Foam continued…

While the solar installers have been on the roof, Warren and I have been in the basement foaming the rim joist area. We are foaming this area for two reasons. First, we need to seal the water proofing barrier to the top of the concrete wall. The water proofing is also our air barrier and keeps any radon gas from seeping out at the top of the wall. Second, this would be a difficult and time consuming area to staple up a net and blow cellulose.

Here’s the rundown on our approach.

  • We’re using a two part foam made by Touch’n Seal. They make standard and fire retardant type foams. We’re using the fire retardant type because we’re not planning to finish off the basement ceiling any time soon.
  • We are foaming this area to a thickness of 7 to 9 inches to ensure we meet our stated R40 minimum. The foam is rated at 6.23 R per inch for the fire retardant type. The R value is a bit higher for the standard foam.
  • We’re using the 600 board feet kit. It includes two tanks, A (white) and B (red). We bought the longer hose set, 30 feet. There are 2 hoses. The liquid from each tank is combined at the nozzle where it combines with air to create high expansion foam. The nozzles are replaceable. We’ve used quite a few as the foam clogs them easily.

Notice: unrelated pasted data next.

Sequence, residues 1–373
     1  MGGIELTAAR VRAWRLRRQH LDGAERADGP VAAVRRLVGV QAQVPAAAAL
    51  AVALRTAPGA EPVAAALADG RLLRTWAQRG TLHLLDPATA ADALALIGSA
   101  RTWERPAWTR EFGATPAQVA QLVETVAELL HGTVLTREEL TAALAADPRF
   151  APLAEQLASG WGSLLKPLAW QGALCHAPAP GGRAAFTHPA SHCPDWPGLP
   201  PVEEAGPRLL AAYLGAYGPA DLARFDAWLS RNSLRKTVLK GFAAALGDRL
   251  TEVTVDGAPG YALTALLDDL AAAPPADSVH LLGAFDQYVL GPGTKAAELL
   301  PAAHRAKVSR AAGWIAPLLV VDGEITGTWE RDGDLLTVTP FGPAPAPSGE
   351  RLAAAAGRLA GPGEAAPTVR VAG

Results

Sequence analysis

• The temperatures have been in the 60’s and 70’s, but the foam really works best at higher temperatures. The tanks should be at 80 to 90 degrees before use and the surface temperature where you’re spraying should be above 70 degrees. Warren built a foam box that we use to warm up the tanks before use. We dropped in a small electric space heater to get them up to the required temperature range.
  • There’s a bit of conflicting information as to the surface temperature. We asked because we were experiencing some shrinkage away from the wall. The foam would expand initially, then pull away from the wall slightly as it cured. It only takes few minutes to cure. But the second and third sprayings seem to be doing a better job. The first application pulls away a bit, then provides support for the next application, holding it in place better. Our last spray day was quite warm out, but the higher surface temperatures didn’t seem to make a difference.